Red Sox Sign Reliever Caleb Simpson, Add Him to Summer Camp Player Pool as Non-Roster Invitee

The Red Sox have signed right-handed reliever Caleb Simpson to a minor-league deal and have added him to their Summer Camp player pool as a non-roster invitee. The club made the signing official earlier Saturday.

Simpson, 28, was released by the Cubs back in May at that time when teams across baseball were parting ways with dozens of their minor-league players.

The former Giants farmhand was a 21st-round draft selection out of Seminole State Junior Colege (Okla.) by San Francisco back in 2013.

Across four minor-league levels spanning five seasons, Simpson owns a career 3.41 ERA and .180 batting average against over 121 relief appearances and 145 1/3 innings of work.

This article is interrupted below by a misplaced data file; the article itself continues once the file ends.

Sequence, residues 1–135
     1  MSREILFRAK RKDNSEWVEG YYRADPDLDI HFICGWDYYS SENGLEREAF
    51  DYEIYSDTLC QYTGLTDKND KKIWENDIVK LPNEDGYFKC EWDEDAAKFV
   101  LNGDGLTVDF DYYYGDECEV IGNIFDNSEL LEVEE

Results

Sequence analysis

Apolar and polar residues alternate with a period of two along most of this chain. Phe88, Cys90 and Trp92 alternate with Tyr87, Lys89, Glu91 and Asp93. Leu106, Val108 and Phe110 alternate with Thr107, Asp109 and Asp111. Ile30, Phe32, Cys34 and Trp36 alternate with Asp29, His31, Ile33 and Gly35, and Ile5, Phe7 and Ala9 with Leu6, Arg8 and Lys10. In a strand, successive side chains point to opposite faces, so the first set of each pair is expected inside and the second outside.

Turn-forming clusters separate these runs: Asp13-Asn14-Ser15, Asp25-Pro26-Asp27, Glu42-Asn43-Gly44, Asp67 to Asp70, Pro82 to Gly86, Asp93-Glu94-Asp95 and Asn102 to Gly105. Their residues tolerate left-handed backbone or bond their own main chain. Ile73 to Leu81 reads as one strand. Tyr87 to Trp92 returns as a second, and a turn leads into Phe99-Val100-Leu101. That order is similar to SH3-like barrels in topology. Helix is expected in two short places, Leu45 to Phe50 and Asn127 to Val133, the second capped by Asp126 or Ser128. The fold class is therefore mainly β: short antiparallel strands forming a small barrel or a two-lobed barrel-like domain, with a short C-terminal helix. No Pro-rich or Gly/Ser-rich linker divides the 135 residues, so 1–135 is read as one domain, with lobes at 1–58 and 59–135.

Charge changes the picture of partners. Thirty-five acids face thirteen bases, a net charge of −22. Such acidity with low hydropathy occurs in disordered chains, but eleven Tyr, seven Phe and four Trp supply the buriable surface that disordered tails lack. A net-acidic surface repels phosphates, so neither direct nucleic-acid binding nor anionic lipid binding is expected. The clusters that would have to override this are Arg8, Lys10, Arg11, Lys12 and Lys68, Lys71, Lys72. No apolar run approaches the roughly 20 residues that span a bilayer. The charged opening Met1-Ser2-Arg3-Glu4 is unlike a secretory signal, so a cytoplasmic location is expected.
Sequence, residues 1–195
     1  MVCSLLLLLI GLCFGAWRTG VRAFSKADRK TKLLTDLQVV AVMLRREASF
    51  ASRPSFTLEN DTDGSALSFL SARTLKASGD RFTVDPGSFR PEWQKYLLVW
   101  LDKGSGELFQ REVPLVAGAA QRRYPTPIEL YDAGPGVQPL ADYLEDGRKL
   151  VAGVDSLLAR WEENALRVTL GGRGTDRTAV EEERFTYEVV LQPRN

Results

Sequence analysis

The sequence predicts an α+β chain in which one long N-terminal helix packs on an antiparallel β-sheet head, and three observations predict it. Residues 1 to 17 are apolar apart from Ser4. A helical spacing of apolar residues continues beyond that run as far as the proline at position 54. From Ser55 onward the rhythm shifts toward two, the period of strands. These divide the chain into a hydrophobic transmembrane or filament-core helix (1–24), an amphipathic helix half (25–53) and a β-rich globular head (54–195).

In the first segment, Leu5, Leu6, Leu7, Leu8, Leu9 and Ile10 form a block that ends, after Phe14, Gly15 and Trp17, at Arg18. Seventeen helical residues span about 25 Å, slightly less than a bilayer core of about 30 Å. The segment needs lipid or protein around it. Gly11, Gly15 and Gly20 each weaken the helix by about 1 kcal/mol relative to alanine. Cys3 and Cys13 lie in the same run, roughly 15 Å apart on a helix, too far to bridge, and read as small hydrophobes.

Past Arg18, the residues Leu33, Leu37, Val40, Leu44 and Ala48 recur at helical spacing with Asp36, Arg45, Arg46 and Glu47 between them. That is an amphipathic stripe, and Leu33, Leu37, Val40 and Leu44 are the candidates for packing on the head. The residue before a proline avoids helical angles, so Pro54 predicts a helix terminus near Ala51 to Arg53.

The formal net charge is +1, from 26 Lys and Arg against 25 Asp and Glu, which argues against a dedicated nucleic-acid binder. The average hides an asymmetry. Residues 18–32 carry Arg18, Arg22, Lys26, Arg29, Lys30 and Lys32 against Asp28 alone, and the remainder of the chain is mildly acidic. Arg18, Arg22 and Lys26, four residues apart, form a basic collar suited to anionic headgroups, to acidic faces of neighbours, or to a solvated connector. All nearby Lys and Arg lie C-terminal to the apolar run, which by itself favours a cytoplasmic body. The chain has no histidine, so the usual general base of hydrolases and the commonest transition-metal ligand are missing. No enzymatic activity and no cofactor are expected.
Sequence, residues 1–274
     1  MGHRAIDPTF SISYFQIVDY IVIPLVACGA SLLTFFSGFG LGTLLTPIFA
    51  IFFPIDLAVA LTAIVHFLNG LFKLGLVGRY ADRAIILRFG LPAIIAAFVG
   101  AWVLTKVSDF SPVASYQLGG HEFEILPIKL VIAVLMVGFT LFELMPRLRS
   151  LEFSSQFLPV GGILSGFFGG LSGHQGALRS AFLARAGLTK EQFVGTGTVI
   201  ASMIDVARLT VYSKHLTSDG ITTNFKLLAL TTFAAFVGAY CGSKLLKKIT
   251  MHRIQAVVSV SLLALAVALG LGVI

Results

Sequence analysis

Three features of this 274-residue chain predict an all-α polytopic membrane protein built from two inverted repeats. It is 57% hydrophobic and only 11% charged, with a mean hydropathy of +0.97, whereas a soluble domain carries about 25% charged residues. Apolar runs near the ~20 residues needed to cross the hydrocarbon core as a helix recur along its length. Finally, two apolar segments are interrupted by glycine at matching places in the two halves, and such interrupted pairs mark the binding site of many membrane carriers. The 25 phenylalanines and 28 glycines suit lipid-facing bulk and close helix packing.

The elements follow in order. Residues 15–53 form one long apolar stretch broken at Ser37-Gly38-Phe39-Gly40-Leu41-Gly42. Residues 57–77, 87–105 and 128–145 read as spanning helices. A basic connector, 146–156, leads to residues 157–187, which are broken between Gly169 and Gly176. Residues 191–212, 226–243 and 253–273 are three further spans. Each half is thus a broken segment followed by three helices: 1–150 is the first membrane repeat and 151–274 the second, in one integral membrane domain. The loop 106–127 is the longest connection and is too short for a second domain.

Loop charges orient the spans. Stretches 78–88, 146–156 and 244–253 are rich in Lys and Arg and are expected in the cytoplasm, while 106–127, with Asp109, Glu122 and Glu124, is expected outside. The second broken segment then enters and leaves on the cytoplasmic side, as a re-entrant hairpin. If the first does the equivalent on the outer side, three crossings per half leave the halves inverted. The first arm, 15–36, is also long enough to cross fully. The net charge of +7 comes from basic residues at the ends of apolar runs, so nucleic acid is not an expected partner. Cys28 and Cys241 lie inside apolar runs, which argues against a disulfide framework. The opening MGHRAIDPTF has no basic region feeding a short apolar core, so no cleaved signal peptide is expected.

Most recently, the 6’4″, 231 lb. righty posted a 3.00 ERA over 34 outings and 42 innings pitched between High-A San Jose and Double-A Richmond last season.

Throughout his minor-league career, Simpson has dealt with his fair share of injury troubles. He underwent Tommy John surgery in March of 2015, which resulted in him missing the 2015 season and a portion of the 2016 season.

By adding Simpson to their player pool, the Red Sox now have 49 players at Summer Camp, meaning they still have 11 open slots to work with.

Former Red Sox Ace Jon Lester Open to Reunion With Organization He Began Career With

Former Red Sox ace and current Cubs left-hander Jon Lester is open to a potential reunion with Boston this winter, he said in a radio interview with WEEI’s Rob Bradford.